139 F3d 905 Holgate v. Commissioner of Internal Revenue
139 F.3d 905
81 A.F.T.R.2d 98-1094, 98-1 USTC P 50,457
Stephen Russell HOLGATE; Karen Lee Holgate, Pe titioners-Appellants,
COMMISSIONER OF INTERNAL REVENUE, Respondent-Appellee.
Tax Court No. 14519-96.
United States Court of Appeals, Ninth Circuit.
Submitted Feb. 9, 1998**.
Decided Feb. 23, 1998.
NOTICE: Ninth Circuit Rule 36-3 provides that dispositions other than opinions or orders designated for publication are not precedential and should not be cited except when relevant under the doctrines of law of the case, res judicata, or collateral estoppel.
Appeal from the United States Tax Court.
Before PREGERSON, CANBY, and LEAVY, Circuit Judges.
Stephen Russell Holgate and Karen Lee Holgate appeal pro se from the Tax Court's decision dismissing their petition for redetermination of tax and finding income tax deficiencies and additions to tax for 1986, 1988, 1990, and 1991 on grounds of failure to file timely returns and pay estimated taxes. The Holgates contend that the Tax Court erred by granting the Commissioner of Internal Revenue's motion to dismiss their case for failure to prosecute. We vacate in part and affirm in part.
The Commissioner correctly concedes that the Tax Court lacked jurisdiction under 26 U.S.C. § 6213(a) to enter its decision against Mrs. Holgate for 1990 and 1991 because the notice of deficiency for those years was addressed solely to her husband. See Abrams v. Commissioner, 814 F.2d 1356, 1357 (9th Cir.1987) (per curiam) (deficiency notice must advise taxpayer that his or her return is deficient). Accordingly, we vacate the Tax Court's decision against Karen Holgate for 1990 and 1991.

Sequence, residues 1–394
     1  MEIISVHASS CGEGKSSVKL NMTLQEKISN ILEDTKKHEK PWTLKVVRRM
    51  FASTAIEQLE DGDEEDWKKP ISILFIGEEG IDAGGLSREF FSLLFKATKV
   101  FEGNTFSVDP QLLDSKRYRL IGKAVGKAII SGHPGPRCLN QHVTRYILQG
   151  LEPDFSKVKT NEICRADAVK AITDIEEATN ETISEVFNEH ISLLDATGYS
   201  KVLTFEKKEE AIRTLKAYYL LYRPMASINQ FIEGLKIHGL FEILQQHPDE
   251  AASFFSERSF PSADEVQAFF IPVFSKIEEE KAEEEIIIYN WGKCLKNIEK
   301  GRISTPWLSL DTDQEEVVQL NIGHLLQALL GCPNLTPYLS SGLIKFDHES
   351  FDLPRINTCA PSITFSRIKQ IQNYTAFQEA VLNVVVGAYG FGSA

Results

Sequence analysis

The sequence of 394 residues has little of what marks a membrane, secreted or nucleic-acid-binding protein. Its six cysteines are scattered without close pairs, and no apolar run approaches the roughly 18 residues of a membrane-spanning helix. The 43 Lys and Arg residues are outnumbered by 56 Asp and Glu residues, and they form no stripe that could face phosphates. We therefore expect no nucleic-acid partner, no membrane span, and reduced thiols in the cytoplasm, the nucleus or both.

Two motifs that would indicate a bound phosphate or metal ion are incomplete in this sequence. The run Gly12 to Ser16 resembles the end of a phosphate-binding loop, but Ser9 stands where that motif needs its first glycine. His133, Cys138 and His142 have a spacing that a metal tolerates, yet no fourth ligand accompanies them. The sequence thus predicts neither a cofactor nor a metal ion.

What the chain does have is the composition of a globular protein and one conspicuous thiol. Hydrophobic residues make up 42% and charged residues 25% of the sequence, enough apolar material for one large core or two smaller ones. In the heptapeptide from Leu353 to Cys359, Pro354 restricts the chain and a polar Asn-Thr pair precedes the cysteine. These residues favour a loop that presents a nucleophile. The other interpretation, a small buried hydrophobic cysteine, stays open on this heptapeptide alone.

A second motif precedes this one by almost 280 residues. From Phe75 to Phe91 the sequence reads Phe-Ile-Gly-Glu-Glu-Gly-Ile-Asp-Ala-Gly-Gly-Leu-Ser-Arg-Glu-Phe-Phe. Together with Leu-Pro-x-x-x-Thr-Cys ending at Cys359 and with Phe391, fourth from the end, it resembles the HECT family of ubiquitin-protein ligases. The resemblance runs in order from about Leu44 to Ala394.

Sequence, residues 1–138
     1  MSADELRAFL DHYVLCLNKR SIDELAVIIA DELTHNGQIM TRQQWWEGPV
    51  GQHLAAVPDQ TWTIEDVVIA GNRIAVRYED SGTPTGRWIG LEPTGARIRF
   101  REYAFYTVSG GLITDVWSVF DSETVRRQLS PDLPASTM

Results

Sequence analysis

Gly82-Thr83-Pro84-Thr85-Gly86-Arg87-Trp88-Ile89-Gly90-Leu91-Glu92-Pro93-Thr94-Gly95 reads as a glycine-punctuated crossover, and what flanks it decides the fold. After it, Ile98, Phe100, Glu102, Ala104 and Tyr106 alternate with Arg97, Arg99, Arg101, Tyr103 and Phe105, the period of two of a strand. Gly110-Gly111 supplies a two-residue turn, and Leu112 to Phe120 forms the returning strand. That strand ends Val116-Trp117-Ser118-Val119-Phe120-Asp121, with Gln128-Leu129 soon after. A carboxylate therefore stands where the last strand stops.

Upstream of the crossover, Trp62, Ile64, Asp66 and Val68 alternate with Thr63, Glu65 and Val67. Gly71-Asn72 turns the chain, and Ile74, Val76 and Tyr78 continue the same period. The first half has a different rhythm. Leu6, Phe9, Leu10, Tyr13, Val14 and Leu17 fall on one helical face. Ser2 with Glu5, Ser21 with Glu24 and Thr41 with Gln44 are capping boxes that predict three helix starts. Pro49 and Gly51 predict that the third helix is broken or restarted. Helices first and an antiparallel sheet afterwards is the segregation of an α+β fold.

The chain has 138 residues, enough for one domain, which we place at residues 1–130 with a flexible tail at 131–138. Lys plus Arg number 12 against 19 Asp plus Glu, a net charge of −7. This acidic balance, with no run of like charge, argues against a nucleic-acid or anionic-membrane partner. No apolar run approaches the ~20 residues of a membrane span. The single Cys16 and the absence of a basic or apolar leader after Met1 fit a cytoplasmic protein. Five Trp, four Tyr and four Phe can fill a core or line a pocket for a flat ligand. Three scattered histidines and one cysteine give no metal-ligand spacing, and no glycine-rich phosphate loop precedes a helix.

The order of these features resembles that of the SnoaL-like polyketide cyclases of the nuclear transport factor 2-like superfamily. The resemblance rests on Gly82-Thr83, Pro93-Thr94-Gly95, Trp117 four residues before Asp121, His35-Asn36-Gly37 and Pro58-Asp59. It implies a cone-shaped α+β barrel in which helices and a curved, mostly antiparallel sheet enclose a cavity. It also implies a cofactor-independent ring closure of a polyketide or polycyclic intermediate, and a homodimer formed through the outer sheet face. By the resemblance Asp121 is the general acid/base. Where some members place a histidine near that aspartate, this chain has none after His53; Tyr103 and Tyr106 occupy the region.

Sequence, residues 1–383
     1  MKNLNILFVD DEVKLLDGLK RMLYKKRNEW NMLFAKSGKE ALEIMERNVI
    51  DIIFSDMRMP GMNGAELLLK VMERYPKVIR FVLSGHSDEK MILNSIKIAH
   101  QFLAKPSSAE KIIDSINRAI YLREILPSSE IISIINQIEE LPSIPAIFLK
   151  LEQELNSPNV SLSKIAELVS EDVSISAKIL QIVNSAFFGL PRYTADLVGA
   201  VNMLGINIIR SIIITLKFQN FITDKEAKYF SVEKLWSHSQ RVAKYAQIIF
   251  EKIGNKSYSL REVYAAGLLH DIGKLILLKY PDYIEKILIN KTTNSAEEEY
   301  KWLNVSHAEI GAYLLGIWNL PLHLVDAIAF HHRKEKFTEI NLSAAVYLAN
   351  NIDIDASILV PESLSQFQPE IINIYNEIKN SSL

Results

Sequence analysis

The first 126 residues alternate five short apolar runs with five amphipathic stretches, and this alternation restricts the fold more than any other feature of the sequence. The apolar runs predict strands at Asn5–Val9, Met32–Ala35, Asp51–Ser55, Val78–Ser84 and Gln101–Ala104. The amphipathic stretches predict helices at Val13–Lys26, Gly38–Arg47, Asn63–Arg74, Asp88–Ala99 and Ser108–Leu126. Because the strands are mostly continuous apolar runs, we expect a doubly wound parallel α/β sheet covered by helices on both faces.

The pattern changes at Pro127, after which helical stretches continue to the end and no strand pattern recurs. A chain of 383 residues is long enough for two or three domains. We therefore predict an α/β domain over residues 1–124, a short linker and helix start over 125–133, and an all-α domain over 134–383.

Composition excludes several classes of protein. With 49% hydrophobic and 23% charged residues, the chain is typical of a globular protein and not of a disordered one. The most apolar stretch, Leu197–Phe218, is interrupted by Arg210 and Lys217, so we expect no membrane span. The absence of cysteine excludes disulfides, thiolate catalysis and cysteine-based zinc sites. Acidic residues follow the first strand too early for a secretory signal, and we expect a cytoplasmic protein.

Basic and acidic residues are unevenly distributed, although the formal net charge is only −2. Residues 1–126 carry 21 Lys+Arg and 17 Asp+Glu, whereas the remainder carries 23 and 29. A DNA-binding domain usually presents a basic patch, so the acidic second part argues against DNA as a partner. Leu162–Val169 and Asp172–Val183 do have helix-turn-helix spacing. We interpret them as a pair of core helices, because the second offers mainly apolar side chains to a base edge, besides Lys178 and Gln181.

The Holgates contend that because Mr. Holgate had been hospitalized and told not to drive, the Tax Court erred by dismissing the case after they failed to appear for trial on February 26 and 28, 1997. The record reflects that Mr. Holgate was driving during a conference call with the court on February 27, and the Holgates do not explain why Mrs. Holgate could not have driven or why she did not appear for trial. The Tax Court reset the trial to accommodate Mr. Holgate's illness, and the Holgates missed settlement meetings, refused to produce documents before trial, and failed to file a trial memorandum. We find no abuse of discretion. See Noli v. Commissioner, 860 F.2d 1521, 1527 (9th Cir.1988) (Tax Court must explore meaningful alternatives before dismissing a case); Edelson v. Commissioner, 829 F.2d 828, 831 (9th Cir.1987) (dismissal proper when taxpayers had obtained numerous continuances, failed to produce records after being subpoenaed, failed to enter into a stipulation of facts, and failed to appear for trial).
We affirm in all respects except we vacate the Tax Court's decision against Karen Holgate for 1990 and 1991.
The parties shall bear their own costs on appeal.
AFFIRMED in part, VACATED in part.